Moving towards a more eco-friendly lifestyle is all about introducing manageable and sustainable changes. Jo Becker, better known as Treesnpeace, shares her advice on the best low-impact hobbies to take up in 2020.
In 2019, we saw environmental awareness skyrocket. Minimalism, zero-waste and second-hand shopping seemed to become buzzwords as more books, media and science reports advocated for a rethinking of consumerism in order to reduce our carbon footprints.
Looking at our everyday lifestyles, many more people can now see that common activities have significantly negative impacts on the planet – whether it’s a shopping trip to the mall or a cheap return flight for a weekend getaway. Even scrolling through your phone has environmental and social implications, and promotes individualism rather than community.
So, while it’s easy to point out problematic consumerism, unless we offer alternatives to replace those habits we will get stuck in the current consumer and climate crisis. But what activities actually have a low-impact or even positively benefit the planet? And are they fun, or will we get bored living an ‘eco-friendly’ lifestyle?
The simple answer is that there are many non-consumerist activities, and they are far from boring. There are so many opportunities, and most of them are best done collaboratively with friends, family or with your local community. This can also strengthen human connections while co-benefitting the earth. It’s time to reclain our lives from the grasp of commercialism, starting with our hobbies.
To get back on track, first you need to consider how you currently spend your time. Too often we say time has flown by without really knowing what we actually did in the duration. I suggest writing a diary for a week or two about your day-to-day activities. Based on this, you can see where most of your free time goes. Then you can evaluate to see if it serves you, the planet and the people around you well, and if there is a particular area that you would like to change.
Here are a few ideas to get your started.
Spend more time outdoors
Challenges like climbing a mountain once a month, undertaking a challenge such as the three peaks or three Munroes in a day, or plogging (jogging while litter picking) are good ways to get outdoors and do it with a purpose. Another option is to go camping more often. A low budget activity, camping gives you the perfect opportunity to explore your local areas and appreciate natural beauty. If you don’t own the right gear, borrow it from friends or local sharing groups.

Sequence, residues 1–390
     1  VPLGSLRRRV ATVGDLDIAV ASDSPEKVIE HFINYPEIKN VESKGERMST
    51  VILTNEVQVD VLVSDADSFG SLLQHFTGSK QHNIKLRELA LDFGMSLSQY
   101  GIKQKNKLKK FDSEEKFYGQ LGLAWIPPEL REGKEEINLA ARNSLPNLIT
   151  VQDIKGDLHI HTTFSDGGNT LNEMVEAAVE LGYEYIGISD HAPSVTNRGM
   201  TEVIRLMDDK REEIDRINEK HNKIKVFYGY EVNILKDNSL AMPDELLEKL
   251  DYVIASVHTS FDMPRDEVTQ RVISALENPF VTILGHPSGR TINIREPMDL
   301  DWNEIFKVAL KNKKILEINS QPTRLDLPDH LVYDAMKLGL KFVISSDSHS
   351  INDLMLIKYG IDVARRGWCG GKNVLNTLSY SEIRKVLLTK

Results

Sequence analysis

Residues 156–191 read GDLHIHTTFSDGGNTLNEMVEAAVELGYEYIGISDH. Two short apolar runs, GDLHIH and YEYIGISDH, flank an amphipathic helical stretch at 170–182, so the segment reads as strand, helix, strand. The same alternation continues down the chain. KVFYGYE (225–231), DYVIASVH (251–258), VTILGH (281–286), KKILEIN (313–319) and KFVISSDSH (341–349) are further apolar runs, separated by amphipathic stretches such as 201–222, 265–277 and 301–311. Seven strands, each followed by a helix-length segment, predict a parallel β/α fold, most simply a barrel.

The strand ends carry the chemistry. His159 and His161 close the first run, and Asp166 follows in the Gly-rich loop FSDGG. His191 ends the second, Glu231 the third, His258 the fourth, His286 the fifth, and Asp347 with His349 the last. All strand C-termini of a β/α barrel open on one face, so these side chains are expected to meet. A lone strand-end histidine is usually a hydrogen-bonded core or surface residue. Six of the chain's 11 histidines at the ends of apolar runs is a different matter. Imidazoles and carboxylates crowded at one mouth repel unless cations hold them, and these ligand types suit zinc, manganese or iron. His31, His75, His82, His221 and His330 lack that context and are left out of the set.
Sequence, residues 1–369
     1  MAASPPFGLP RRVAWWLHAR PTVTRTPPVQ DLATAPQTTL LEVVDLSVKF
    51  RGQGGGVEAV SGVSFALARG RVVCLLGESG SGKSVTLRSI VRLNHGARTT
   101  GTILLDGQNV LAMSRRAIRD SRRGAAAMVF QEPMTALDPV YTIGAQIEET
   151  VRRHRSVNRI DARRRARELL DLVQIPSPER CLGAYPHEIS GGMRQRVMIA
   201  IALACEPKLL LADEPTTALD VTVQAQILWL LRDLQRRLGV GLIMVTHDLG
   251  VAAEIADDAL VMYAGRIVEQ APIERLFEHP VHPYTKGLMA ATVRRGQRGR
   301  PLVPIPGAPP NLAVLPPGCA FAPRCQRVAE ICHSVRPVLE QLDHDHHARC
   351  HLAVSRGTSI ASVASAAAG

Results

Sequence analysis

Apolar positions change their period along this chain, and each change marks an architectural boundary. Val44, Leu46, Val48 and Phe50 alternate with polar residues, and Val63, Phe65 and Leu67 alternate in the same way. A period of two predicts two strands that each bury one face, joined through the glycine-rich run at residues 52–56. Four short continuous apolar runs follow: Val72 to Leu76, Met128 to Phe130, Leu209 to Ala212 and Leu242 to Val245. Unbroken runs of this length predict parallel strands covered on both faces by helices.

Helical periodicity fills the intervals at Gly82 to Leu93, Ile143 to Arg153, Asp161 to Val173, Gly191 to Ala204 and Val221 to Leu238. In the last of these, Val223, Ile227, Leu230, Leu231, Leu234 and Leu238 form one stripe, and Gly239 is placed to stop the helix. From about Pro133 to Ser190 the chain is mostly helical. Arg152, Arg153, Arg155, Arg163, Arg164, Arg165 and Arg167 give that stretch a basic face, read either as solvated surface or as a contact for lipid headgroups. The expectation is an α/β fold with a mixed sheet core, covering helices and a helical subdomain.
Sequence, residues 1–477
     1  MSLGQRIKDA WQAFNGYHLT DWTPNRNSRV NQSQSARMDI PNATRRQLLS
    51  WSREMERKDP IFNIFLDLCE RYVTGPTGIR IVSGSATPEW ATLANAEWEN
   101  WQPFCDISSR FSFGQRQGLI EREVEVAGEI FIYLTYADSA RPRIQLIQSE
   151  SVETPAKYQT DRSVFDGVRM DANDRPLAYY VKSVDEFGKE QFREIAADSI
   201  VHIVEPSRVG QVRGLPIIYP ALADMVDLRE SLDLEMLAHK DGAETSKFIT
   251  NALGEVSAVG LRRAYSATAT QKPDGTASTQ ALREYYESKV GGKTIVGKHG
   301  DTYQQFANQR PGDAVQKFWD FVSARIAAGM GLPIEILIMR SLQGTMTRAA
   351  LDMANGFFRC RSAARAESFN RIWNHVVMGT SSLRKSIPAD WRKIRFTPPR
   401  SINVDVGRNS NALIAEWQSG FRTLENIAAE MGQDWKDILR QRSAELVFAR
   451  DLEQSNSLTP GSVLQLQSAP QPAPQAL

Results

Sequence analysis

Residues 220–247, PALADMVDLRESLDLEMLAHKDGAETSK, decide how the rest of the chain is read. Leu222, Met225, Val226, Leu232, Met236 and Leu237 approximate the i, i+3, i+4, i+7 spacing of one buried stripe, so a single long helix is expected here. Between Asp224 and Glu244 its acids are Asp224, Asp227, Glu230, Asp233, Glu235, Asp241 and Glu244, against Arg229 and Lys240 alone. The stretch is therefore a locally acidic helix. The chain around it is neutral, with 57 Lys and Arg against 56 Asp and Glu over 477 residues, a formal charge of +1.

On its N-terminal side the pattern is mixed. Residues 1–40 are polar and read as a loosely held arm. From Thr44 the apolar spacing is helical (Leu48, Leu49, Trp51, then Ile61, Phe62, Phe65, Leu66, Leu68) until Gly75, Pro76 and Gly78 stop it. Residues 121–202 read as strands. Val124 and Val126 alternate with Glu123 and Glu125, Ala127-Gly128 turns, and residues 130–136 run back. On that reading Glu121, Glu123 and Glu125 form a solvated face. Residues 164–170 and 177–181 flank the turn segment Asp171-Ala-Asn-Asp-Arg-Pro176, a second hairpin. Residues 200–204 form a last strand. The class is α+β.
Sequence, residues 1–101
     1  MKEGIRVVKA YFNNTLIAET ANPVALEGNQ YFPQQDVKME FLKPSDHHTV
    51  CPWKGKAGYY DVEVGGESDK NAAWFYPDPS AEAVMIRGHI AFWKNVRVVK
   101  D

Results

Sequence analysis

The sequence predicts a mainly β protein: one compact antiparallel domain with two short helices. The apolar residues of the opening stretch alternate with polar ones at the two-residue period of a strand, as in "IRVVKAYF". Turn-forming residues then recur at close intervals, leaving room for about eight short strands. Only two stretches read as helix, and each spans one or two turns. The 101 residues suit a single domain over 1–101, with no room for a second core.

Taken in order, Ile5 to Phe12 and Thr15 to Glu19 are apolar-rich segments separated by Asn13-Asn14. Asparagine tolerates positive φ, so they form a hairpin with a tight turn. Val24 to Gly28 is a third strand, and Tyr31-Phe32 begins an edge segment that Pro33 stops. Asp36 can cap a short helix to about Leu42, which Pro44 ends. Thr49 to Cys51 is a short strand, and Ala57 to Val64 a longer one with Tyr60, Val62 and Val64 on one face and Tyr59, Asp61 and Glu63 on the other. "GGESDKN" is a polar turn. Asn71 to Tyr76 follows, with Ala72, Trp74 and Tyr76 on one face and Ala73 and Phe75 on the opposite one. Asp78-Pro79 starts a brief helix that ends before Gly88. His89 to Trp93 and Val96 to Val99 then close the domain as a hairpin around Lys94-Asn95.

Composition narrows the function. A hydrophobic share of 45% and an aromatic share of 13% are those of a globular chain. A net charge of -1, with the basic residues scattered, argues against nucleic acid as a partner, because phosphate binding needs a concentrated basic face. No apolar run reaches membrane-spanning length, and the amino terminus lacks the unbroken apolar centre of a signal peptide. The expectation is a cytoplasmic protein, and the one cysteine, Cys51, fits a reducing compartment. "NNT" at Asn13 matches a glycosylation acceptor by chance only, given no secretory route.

If you’re thinking about joining a gym, opt for activities such as running, wild swimming, climbing or bootcamp sessions in your local park instead. Not only will it be a breath of fresh air (quite literally), but it can also save you money. It’s climate-friendly and you can meet new people from many backgrounds, ages and interests when joining a local sports club.
You could also trying joining community forest walks, learning how to identify trees and birds.
Not only is gardening said to steadily increase happiness the more you do it, but it actively benefits the earth by increasing soil health and biodiversity. Digging your hands into the ground, planting and harvesting, and exchanging gardening tips with others can also be beneficial for your personal wellbeing. If you don’t have your own space to grow, join a local allotment group as an affordable option that enhances the local community too. For courses on regenerative agriculture and foraging, check out the Permaculture Association.
Lend your wardrobe some love
Learn to mend your clothes or try your hand at knitting a new item. Starting embroidery is also a fun, easy option and gives you loads of new ways to repair or upcycle your clothes.
Reclaim the kitchen
Whether you sign up to a vegetable box scheme to support local and regenerative farming or opt for seasonal and local foods, there are endless possibilities to embrace new ways of eating in a more climate-friendly way. You could also start regular cookouts with friends and families to share recipes. Consider exploring different cuisines and traditions around food as an opportunity to learn more about different cultures – taking a Migrateful cookery course is the perfect way to do this.
Start volunteering for a good cause
If you have the time to commit to regular volunteering sessions, then start by speaking to second-hand shops, local sharing groups, or local NGOs that are looking out for volunteers. If you have less time, you could save up a few days or even use your holidays to lend a hand somewhere for a good cause. Check out charities like Help Refugees or sites like Wwoofing for starters, or get in touch with food banks and animal shelters.
Last year, I noticed that I spent too much time on my phone. Being outdoors is a huge passion of mine, and I wanted to make this time more meaningful by connecting to my local environment. So, I am putting more work into learning about tree identification and will join community forest walks to also learn from the people around me. I have also signed up for monthly crafting sessions at a local repair shop, each with a different theme so I can test out a diversity of creative ideas, before hopefully picking up one area and experimenting more in this field.
If 2019 was the year of raising awareness about our carbon footprints, let’s make 2020 where we reclaim our relationship to the planet. Let’s focus on activities that (re)connect us to our local community, so we can spend our time more memorably.